Homeowners insurance is an important part of your financial security net, and in many cases a requirement if you have a mortgage. But how much should you expect to pay for your coverage? Like many things about insurance, the answer is both simple and complicated. Let’s break it down for you.
According to the JD Power & Associates 2018 Canada Home Insurance Study, the median annual Ontario homeowners insurance rate in 2018 was $1,284 ($107 per month). This compares to a low of $960 in Quebec and $1,200 in western provinces. But using a median value for all of Ontario can be misleading as there are many factors that contribute to your homeowners premium.
According to insurEYE, the average monthly insurance cost for a home valued between $100,000 and $700,000 in Ontario is $74.50. In Alberta, the average monthly premium is higher at $78. British Columbia’s average rate is the lowest at $69, and Quebec’s is $72.50.
It’s also common to see homes that are valued at over a million dollars these days, especially if you live in the Greater Toronto or Greater Vancouver areas. That’s why it’s important to know the average home insurance rates in your region.
Here are the average insurance premiums by province for homes valued between $700,000 and $1,500,000:
InsurEYE’s research also found that renters in Quebec pay the lowest premiums for home insurance, followed by Ontario, British Columbia, and Alberta.
According to this data, Quebec has the lowest insurance rates, and homeowners pay between 1.4 and 2.1 times more than renters for insurance.
You can take a look at the averages here.
|Province||Homeowner’s Annual Rate||Renters Annual Rate|
Renters insurance is typically expected to be cheaper than homeowners insurance because it doesn’t include the cost of repairing or replacing your house, which would likely be covered by your landlord’s insurance policy.
In contrast, a home’s replacement cost is closely connected to the price you’ll pay for homeowners insurance. In fact, it’s one of the most important factors in calculating home premiums.
It should be pointed out that replacement cost is different from the resale value of your home because it covers the cost of labour and materials needed to rebuild it, not the value of the entire property.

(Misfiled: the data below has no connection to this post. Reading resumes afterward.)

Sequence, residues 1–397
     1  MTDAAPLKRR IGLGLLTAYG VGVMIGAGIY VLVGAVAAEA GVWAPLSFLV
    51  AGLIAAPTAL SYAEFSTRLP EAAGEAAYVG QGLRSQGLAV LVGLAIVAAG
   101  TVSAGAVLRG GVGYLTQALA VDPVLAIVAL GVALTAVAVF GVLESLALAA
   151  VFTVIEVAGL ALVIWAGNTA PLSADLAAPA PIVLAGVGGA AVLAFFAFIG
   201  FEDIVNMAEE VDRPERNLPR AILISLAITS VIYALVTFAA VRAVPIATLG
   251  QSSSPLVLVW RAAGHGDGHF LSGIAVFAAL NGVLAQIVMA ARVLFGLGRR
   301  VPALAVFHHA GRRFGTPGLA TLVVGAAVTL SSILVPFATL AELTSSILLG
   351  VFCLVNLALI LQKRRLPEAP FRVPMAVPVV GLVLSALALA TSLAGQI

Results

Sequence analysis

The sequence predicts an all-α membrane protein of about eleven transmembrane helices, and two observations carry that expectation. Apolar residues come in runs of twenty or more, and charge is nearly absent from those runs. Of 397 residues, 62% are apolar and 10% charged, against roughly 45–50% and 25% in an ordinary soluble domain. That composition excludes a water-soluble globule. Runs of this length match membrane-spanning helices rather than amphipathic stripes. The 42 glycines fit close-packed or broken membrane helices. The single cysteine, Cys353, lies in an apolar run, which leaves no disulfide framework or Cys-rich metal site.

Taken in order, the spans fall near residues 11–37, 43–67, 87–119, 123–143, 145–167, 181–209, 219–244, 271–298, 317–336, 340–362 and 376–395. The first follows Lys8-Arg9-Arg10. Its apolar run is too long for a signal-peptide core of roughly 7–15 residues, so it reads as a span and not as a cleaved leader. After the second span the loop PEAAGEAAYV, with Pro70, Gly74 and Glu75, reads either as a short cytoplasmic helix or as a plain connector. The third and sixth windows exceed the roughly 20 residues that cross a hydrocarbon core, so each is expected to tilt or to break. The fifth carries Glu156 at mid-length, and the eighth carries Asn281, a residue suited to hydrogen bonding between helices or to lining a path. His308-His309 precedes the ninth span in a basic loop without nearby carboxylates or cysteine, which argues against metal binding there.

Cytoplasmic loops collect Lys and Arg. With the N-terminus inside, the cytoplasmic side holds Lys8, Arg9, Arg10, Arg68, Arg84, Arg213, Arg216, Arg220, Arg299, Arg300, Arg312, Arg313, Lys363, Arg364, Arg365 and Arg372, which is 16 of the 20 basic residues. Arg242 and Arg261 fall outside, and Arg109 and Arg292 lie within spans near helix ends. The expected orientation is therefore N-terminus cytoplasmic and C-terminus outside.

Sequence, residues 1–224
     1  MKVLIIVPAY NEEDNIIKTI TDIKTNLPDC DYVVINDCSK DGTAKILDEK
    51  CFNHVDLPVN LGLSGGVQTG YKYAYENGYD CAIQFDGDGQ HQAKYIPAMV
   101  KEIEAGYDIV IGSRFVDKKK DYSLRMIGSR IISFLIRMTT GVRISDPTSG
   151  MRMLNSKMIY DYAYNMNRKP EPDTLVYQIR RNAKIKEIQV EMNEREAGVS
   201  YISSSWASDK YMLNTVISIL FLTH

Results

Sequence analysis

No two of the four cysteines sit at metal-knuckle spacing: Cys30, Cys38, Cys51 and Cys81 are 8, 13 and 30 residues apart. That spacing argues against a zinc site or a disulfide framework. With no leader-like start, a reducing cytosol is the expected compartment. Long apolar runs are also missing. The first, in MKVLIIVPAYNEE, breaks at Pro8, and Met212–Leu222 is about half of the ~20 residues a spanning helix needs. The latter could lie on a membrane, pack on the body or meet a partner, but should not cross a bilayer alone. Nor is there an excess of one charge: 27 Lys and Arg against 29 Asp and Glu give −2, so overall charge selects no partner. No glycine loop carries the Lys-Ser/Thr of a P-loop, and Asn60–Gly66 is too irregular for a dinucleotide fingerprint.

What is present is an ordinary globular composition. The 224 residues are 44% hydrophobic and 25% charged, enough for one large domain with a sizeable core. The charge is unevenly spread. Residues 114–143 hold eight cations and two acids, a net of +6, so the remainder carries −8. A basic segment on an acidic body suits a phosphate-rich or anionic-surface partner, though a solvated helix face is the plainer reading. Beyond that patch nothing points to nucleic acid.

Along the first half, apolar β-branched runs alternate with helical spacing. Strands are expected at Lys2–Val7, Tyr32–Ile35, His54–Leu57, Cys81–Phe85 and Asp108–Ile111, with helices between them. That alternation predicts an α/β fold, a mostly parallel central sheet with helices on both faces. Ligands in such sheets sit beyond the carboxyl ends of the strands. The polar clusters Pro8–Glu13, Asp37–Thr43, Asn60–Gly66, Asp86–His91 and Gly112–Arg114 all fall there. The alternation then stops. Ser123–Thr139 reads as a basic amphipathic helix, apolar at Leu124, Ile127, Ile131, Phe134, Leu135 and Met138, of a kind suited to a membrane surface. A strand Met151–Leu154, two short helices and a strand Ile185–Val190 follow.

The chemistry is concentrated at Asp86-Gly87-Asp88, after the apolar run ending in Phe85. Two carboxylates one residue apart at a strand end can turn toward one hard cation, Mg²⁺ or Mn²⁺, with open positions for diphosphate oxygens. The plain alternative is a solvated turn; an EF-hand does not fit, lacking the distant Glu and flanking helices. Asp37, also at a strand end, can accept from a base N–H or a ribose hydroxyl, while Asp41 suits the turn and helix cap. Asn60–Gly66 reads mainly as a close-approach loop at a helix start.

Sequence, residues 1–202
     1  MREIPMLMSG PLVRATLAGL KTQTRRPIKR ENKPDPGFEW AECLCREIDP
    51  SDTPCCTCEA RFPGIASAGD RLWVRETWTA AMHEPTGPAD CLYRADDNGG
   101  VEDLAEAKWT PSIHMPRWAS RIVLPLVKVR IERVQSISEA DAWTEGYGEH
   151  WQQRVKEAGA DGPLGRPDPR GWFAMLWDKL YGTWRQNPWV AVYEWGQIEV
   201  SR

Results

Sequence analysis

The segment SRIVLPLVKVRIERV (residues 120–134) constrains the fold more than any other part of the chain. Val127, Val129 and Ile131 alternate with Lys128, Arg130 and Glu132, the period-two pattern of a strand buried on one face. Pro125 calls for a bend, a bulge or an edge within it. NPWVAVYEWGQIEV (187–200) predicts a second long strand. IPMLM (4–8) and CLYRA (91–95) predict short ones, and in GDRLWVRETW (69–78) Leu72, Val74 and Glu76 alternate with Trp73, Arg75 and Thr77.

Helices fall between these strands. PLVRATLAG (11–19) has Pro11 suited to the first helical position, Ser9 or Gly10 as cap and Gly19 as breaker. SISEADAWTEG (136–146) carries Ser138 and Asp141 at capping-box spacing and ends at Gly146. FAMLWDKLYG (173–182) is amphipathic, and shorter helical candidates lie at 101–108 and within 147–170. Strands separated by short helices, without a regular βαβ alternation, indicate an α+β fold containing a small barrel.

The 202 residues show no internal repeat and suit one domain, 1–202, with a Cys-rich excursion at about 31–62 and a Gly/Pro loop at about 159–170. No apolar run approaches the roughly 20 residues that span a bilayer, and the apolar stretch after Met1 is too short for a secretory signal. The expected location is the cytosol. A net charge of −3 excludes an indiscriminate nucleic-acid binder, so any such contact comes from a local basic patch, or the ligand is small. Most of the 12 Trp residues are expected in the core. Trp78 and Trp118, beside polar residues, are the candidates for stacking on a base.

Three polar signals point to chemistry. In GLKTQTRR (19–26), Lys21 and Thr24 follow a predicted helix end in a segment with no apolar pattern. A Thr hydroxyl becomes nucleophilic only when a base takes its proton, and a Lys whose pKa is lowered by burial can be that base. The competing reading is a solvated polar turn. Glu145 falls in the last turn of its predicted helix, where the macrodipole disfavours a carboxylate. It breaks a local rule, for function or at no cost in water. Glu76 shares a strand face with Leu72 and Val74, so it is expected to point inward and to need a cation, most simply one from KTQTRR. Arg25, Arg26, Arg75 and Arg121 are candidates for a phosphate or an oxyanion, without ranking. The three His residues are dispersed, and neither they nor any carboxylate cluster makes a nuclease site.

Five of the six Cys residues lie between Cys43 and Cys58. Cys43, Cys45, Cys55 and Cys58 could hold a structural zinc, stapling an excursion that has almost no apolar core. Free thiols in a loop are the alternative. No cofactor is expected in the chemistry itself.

Replacement cost is literally the cost to rebuild your home as it stands today. A $1,000,000 dollar home in Toronto could have the same replacement cost as a $300,000 home in Sudbury.
The size and nature of the home also affects replacement cost. A large custom-built home with expensive features like plaster moldings and marble floors costs more to replace than a smaller home with a basic finishing.
Higher replacement costs do equate to higher rates, but it’s all relative when your home has marble floors.
Before you start looking for real estate opportunities in Quebec, keep in mind that the extent of your home insurance coverage could have a larger impact on the price you pay for insurance than where you live.
For example, B.C. residents are (on average) nine times more likely to purchase earthquake insurance than Quebec residents, even though some parts of Quebec are situated in earthquake zones as well.
Water damage protection is another kind of optional home insurance that raises an annual rate, but has become more important in recent years. Canadian insurance companies began offering overland flood insurance in 2015 because these natural occurrences have become so much more common.
Paying for something in the ballpark of $10 worth of flood insurance per month could cover your home for tens of thousands of dollars worth of flooding damage if an extreme weather event were to occur.
There’s also some variation in home insurance rates within any given province. Home insurance providers need to consider:
Location affects your average homeowners insurance rate in Ontario in a number of ways. Perhaps the factor with the highest impact is the fire protection in your area.
The distance of your home from the nearest fire hall and hydrant has a direct impact on the amount of damage a fire can cause before a fire department can respond.
A city fire department that responds to most fires in less than eight minutes and has access to unlimited amounts of water using nearby hydrants will see a better outcome than a rural fire department that takes 15 or more minutes to respond while carrying a limited amount of water in their truck.
Your home insurance rate reflects those differences, which is why it’s always important to get an accurate quote before buying a home!
Location also comes into play in areas such as the cost of local tradespeople and materials, and whether rebuilding on a site is likely to face new environmental regulations.
Most insurers offer a variety of credits that homeowners can use to their advantage. This includes credits for having not made a recent claim.
You can also save money if you have installed a fire and burglary alarm. New homes are less likely to suffer water leaks and electrical issues, so there is often a credit for these dwellings. Ask your insurer what credits they offer.
It could reduce your premiums even lower than the average homeowner rate in Ontario, depending on where you live!
You’ll need an accurate (and guaranteed) rate before you commit to buying a home. Get yours in 3 minutes right here!